2019 ACTFL Conference Experience
Updated: Dec 6, 2019
“As local language organizations, we support educators and professionals dedicated to excellence in teaching and learning world languages…We are confident that the extensive and rich professional development offered during the ACTFL Convention and World Languages Expo will provide ample ideas on how to promote the success of learners in our nation and in our world.” —ACTFL Conference Program Guide
This year’s ACTFL conference was in Washington, D.C., a city steeped in history and very multicultural. This was my first time participating in a national conference as a (co)presenter, so this opportunity was both exciting and meaningful for me. It was a very rewarding experience, and I am very thankful for Professor Kim, who gave us the opportunity and guided us through the entire process of attending the conference.
Thirty minutes before the presentation, Professor Kim sat down with me and the other student co-presenter to practice the presentation. From her, I learned a few important things that a presenter should always do: get there on time, be fully prepared, and find the presentation room ahead of time.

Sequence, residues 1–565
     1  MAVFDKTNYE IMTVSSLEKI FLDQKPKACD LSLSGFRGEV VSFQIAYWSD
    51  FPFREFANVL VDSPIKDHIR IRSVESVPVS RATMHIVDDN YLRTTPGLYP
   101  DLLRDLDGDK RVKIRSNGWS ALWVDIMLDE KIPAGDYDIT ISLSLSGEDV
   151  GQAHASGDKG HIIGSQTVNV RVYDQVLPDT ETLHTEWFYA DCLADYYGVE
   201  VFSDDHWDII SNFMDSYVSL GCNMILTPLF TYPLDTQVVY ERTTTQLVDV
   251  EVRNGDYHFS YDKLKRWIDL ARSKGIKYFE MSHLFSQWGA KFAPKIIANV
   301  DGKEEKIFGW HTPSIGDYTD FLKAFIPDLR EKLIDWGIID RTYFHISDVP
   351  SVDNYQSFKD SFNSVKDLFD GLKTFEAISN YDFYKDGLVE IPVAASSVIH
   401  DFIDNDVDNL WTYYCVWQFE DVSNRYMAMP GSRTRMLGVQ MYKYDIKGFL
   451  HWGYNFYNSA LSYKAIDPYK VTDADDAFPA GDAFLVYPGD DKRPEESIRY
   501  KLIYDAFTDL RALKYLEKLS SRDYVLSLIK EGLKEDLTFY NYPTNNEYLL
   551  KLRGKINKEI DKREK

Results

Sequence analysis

Our presentation went well, and the audience participated by asking challenging yet meaningful questions. Thinking back, it was an amazing experience standing on the podium and talking in front of an audience of language teachers. My initial nervousness was quickly replaced by a sense of pride and accomplishment, because we successfully presented the study.
After a tasty brunch of Korean food with Professor Kim, we went to the World Language Expo located in the north building of the convention center. It was eye-opening to see such a huge number of booths, companies, and participants—a variety of language-learning products that can be useful for language teachers. For example, there are technology companies that design educational games for Chinese learning, travel companies that offer language immersion trips, and Korean textbook publishers that produce illustrated practice booklets for Korean learners. We stopped by many booths, including EF, Pearson, China Higher Education Press, and others, and we had engaging conversations with the representatives.
The ACTFL Convention offers a wide variety of sessions that participants can choose to attend according to our different interests. On Sunday morning, my peer and I went to a session named “Learning Chinese Tea Culture Through Visual Art.” It was fun, engaging, and rewarding.
Overall, everything about this trip was way beyond my expectations. It allowed me to discover the “fun” aspect of being at an academic conference and really opened my eyes to the cutting edge intellectual products in language teaching. After this convention trip to Washington, D.C., I feel more confident about conducting research studies and can now imagine myself as a future researcher.